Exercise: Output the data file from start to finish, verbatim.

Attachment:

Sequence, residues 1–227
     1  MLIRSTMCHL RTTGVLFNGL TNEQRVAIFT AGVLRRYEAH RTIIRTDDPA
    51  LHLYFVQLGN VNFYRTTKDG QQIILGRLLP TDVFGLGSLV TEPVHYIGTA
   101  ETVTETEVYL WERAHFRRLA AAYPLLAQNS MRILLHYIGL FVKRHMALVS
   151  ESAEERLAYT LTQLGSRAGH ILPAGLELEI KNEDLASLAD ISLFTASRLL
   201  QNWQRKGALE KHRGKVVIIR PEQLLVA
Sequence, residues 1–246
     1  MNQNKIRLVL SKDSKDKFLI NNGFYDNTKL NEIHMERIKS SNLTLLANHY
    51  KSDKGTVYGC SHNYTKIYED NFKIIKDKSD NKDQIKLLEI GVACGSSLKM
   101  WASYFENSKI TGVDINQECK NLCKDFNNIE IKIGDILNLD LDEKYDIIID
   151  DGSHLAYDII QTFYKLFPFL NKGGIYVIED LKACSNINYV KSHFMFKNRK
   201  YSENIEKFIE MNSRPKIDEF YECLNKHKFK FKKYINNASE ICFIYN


Sequence, residues 1–227
     1  MLIRSTMCHL RTTGVLFNGL TNEQRVAIFT AGVLRRYEAH RTIIRTDDPA
    51  LHLYFVQLGN VNFYRTTKDG QQIILGRLLP TDVFGLGSLV TEPVHYIGTA
   101  ETVTETEVYL WERAHFRRLA AAYPLLAQNS MRILLHYIGL FVKRHMALVS
   151  ESAEERLAYT LTQLGSRAGH ILPAGLELEI KNEDLASLAD ISLFTASRLL
   201  QNWQRKGALE KHRGKVVIIR PEQLLVA
Sequence, residues 1–246
     1  MNQNKIRLVL SKDSKDKFLI NNGFYDNTKL NEIHMERIKS SNLTLLANHY
    51  KSDKGTVYGC SHNYTKIYED NFKIIKDKSD NKDQIKLLEI GVACGSSLKM
   101  WASYFENSKI TGVDINQECK NLCKDFNNIE IKIGDILNLD LDEKYDIIID
   151  DGSHLAYDII QTFYKLFPFL NKGGIYVIED LKACSNINYV KSHFMFKNRK
   201  YSENIEKFIE MNSRPKIDEF YECLNKHKFK FKKYINNASE ICFIYN